Polished Stainless Steel vs Chrome Plating

Many customers come to us asking for a chrome finished piece – be it a table, chair or other accessory. But many pieces are actually manufactured using stainless steel. There are many professionals at the home improvement dublin – homeimprovementsdublin.ie: professional Roofers in Dublin.

While it may be easy to confuse the two materials, there are some key differences. Let’s learn about them below!

Stainless steel is an alloy (a mixture of two kinds of metal) of steel and chromium. In order for steel to be considered “stainless”, it must have a minimum of 10.5% chromium content by mass. While stainless steel is not fully stain-proof, it is much more resistant to staining, corrosion, and rust than traditional steel. The process to make stainless steel get its flashy luster is described below.

Stainless steel polishing and grinding is known as one of the most difficult projects.  This is because most stainless steel polishing requires a mirror-like finish devoid of even the slightest of scratches or pinholes. The polishing process usually consists of 3 to 7 (or more) unique processes. The polishing wheel, cotton wheel, non-woven wheel, and polishing paste are materials commonly used for polishing. The hard and tough polishing wheel is used in the first stage followed by the softer cotton wheels.

Polishing Wheel

The cold stainless steel is rolled, softened and descaled. It then receives a final light pass on polished rolls known as a ‘pinch pass’. The steel remains gray in appearance, but the final pass on polished rolls produces a smoother, brighter surface.  Here is a video showing an example of the process.

Chrome is slang for Chromium, one of the 92 naturally occurring chemical elements.  Chrome is a metal, but it is not useful as a solid, pure substance. Things are never made of solid chrome. The bulk of the object is usually steel but sometimes it can be aluminum, brass, copper, plastic, or stainless steel. When you hear that something is chrome, what it really means is that it is a thin layer of chrome, or chrome plating, has been applied on top of the object.

Decorative chrome plating is sometimes called nickel-chrome plating because it involves electroplating nickel onto the object before plating the chrome. The process sometimes also involves electroplating copper onto the object before the nickel. The nickel plating provides the smoothness, much of the corrosion resistance, and most of the reflectivity. The chrome plating is exceptionally thin, measured in millionths of an inch rather than in thousandths.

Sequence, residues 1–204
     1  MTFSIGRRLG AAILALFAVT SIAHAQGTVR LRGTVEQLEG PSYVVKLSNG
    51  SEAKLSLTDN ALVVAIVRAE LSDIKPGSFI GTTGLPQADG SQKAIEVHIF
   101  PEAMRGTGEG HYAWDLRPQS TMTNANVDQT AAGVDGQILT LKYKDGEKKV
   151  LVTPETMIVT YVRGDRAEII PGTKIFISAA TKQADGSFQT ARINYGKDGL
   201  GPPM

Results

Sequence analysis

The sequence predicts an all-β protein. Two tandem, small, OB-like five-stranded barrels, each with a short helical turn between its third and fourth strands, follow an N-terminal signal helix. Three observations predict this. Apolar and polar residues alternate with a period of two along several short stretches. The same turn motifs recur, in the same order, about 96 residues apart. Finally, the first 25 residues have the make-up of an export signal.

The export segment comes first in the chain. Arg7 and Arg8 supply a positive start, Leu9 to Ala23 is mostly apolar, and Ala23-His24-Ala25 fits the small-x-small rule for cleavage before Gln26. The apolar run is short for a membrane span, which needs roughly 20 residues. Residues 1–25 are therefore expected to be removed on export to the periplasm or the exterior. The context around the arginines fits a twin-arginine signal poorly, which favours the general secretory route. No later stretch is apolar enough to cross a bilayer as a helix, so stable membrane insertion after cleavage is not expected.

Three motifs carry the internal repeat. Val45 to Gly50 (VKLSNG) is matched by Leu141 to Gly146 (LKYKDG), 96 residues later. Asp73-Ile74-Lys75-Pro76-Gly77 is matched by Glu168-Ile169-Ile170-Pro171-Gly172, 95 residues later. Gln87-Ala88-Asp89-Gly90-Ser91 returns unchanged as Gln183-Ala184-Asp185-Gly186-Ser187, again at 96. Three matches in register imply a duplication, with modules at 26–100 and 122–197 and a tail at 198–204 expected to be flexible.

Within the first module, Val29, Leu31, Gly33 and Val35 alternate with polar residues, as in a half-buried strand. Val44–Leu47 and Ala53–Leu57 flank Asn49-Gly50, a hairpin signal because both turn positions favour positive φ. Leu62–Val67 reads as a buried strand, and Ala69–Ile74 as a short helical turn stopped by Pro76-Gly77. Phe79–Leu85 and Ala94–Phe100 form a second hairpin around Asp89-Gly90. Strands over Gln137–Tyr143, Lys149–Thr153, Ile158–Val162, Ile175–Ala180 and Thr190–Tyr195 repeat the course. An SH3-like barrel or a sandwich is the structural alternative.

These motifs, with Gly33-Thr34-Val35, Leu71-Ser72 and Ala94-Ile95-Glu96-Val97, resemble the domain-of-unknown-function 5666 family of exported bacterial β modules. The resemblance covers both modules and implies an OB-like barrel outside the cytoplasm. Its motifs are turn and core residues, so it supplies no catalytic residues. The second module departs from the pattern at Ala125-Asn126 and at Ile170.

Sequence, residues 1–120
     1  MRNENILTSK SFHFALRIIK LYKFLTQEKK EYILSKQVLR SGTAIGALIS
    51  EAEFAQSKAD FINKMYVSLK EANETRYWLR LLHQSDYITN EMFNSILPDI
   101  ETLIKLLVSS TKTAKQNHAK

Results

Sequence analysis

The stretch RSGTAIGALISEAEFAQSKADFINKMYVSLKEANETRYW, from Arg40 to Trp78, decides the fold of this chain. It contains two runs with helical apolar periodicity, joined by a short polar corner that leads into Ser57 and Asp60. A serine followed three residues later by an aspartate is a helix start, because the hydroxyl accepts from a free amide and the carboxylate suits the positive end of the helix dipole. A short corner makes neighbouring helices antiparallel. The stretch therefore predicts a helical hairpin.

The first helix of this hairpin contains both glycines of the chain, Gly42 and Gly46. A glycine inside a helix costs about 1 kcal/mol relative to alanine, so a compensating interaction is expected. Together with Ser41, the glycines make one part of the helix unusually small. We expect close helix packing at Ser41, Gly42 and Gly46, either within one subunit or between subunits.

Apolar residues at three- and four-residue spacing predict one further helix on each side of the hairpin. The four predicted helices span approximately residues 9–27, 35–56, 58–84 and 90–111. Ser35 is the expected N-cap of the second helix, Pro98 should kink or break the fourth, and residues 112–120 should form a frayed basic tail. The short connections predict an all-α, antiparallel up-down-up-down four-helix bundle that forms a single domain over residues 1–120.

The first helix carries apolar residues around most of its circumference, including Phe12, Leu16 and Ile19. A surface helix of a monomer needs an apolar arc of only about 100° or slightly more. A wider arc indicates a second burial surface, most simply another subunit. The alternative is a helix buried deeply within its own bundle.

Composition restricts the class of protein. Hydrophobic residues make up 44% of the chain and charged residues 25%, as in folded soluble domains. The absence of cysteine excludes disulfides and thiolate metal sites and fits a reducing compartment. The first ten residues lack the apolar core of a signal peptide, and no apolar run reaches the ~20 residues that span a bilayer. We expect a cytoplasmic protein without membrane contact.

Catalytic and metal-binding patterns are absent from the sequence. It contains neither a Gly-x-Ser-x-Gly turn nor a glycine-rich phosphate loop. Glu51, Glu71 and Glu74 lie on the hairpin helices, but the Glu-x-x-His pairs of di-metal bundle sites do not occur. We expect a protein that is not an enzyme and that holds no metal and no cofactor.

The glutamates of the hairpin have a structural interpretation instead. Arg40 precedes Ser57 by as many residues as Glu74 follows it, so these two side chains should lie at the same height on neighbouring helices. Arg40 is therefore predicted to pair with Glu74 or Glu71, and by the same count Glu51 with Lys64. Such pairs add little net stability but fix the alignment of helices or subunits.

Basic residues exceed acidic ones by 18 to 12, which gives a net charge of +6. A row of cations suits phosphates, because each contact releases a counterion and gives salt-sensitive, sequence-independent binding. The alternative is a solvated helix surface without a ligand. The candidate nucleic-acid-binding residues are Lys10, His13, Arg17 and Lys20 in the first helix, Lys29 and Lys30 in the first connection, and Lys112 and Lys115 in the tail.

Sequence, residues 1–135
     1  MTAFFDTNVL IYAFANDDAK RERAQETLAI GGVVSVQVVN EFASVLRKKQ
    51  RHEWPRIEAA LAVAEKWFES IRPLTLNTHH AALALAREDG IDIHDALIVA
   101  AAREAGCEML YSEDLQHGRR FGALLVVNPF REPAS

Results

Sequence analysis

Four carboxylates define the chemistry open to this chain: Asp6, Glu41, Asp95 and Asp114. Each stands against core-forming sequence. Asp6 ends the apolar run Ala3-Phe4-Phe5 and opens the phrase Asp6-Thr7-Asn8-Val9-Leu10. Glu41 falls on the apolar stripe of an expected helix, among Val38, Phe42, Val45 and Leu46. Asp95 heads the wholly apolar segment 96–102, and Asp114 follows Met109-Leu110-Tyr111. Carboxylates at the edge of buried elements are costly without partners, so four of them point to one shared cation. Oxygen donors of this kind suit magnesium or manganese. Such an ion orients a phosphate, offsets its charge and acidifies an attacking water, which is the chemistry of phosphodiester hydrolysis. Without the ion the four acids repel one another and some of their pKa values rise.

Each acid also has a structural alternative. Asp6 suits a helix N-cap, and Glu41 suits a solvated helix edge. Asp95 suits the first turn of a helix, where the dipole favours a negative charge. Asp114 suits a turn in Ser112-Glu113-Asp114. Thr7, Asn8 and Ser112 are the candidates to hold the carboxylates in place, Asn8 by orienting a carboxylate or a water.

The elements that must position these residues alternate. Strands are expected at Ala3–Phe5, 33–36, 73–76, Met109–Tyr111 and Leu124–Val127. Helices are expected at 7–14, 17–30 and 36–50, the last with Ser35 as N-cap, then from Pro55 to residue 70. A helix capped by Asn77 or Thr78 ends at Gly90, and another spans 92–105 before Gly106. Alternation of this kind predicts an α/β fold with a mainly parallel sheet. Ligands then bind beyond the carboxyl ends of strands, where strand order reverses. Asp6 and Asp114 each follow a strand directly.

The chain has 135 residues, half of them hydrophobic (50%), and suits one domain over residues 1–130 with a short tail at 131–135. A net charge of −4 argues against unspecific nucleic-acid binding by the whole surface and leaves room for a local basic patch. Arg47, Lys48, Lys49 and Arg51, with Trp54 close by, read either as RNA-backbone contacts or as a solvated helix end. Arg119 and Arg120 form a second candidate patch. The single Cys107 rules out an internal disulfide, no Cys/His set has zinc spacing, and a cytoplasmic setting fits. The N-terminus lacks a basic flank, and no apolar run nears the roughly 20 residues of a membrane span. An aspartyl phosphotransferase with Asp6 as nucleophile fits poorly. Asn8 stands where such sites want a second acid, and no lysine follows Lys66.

Decorative chrome plating is sometimes called nickel-chrome plating because it involves electroplating nickel onto the object before plating the chrome. This process sometimes also involves electroplating copper onto the object before the nickel, too. The nickel plating provides the smoothness, much of the corrosion resistance, and most of the reflectivity. The chrome plating is exceptionally thin, measured in millionths of an inch rather than in thousandths.

Calligaris Tower Table

A cause of confusion is the fact that people may tend to describe any shiny finish as “chrome” even when it really has nothing to do with chromium. For example, brightly polished aluminum motorcycle parts, electro-polished stainless steel boat rigging, vacuum metalized Mylar balloons and helmets, semi-shiny painted wheels, and nickel plated oven racks are sometimes called ‘chrome’ by the lay person.

Chrome is always applied by electroplating – it is never melted on, sprayed on or applied in any other way other than electroplating. Note that everything that is somewhat reflective is not necessarily real chrome plating. Indeed it’s not always easy to tell real chrome plating from other finishes if the parts are not side by side.